BNE
    I'm a Happy Clinger.

  14. #34
    Boolit Buddy
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    I sense an ulterior motive here!

  15. #35
    Boolit Master
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    Not at all, just a more spirited test protocol.

  16. #36
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    I seldom buy high end whiskey for my own consumption. I was blessed to be able to appreciate and enjoy the taste of cheap whiskey. Bottle of Kesslers and a campfire is as good as it gets. Now I don't mind a bottle of the "good stuff" but never "educated" my pallet to care. Have had some 12 year old Canadian stuff that sat on a shelf for another several years and it was I must admit very smooth and drinkable.

    Might even buy me a bottle of something good next time I go over to Canada and can get it duty free. Or visit nephew who has PX access in his retirement. Lord knows he gets a good deal on bourbon his pain killer and snake bite medicine of choice.

    I have found some of that beverage cooling lines and it was pure tin when tested, has as described the golden hue, hard, easy melting. But having found I'm pretty successful at scoring pewter I have accumulated that as my reserve tin of choice. Lot of other tin has showed up in scrap yards and garage sales over the years and made its way to my supply.

    If I was just starting out I might find purchase from supplier like rotometals to be an advantage. Known alloy avoids any guess work. On the other hand over time I find I have learn to tell tin alloys by hitting them with a mapp or propane torch and watching them melt. Heck of a difference in that melt temp and the resulting bead when there is tin present. Do the same for pewter. Stuff almost disappears from under the flame when it is pewter.

    I have one or two pounds of pure tin that I might use for binary alloy or to tweak a batch of casting alloy but I generally make 100 pound or larger alloy batches so solder from bulk scores or pewter are my go to for those mixes. I'm using printing lead to get to a higher Sb & Sn place then usually adding to up the tin to match the antimony. I think I recall Banger more often does smaller batches for what alloy he wants to cast at the time.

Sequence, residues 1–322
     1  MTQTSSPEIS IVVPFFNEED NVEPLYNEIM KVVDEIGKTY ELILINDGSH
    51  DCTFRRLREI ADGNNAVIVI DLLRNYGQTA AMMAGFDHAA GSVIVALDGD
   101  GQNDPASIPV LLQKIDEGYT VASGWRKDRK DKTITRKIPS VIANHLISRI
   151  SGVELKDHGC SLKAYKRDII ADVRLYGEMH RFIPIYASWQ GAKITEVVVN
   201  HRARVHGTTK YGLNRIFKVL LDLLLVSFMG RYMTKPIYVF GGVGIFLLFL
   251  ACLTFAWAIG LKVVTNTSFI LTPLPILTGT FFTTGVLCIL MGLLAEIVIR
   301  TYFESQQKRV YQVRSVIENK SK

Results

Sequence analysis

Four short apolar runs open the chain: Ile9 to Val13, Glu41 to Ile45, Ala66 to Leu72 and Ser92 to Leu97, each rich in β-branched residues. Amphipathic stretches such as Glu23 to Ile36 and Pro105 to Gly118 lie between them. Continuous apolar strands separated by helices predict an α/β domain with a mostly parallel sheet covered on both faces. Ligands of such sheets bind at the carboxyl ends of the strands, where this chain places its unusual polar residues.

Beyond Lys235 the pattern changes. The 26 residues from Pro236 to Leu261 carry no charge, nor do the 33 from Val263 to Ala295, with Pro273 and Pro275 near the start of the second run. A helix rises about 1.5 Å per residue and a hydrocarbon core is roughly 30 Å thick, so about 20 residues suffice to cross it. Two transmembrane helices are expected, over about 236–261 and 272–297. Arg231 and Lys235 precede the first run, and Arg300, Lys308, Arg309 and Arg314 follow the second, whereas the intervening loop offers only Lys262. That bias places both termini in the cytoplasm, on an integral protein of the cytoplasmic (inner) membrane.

Speaking of binary alloys. I think the brass cartridge historical shooting requires only lead tin alloy so store bought may be the best option for people casting for those competitions. Other wise us paper punchers and berm killers we take it where we find it.

    I need more friends that buy expensive booze. Or to keep finding pewter at Salvation Army or Garage Sales. I'm up 8# over the last two weeks. Would be if I didn't decide I like that one pitcher and put it on the dust collector shelf. Matched a small one I already have for wife to put small flowers in.
    Je suis Charlie
    Scrap.... because all the really pithy and emphatic four letter words were taken and we had to describe this way of getting casting material somehow so we added an "S".
    Feedback page http://castboolits.gunloads.com/show...light=RogerDat I do trade a bit from time to time.

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Abbreviations used in Reloading

BP Bronze Point IMR Improved Military Rifle PTD Pointed
BR Bench Rest M Magnum RN Round Nose
BT Boat Tail PL Power-Lokt SP Soft Point
C Compressed Charge PR Primer SPCL Soft Point "Core-Lokt"
HP Hollow Point PSPCL Pointed Soft Point "Core Lokt" C.O.L. Cartridge Overall Length
PSP Pointed Soft Point Spz Spitzer Point SBT Spitzer Boat Tail
LRN Lead Round Nose LWC Lead Wad Cutter LSWC Lead Semi Wad Cutter
GC Gas Check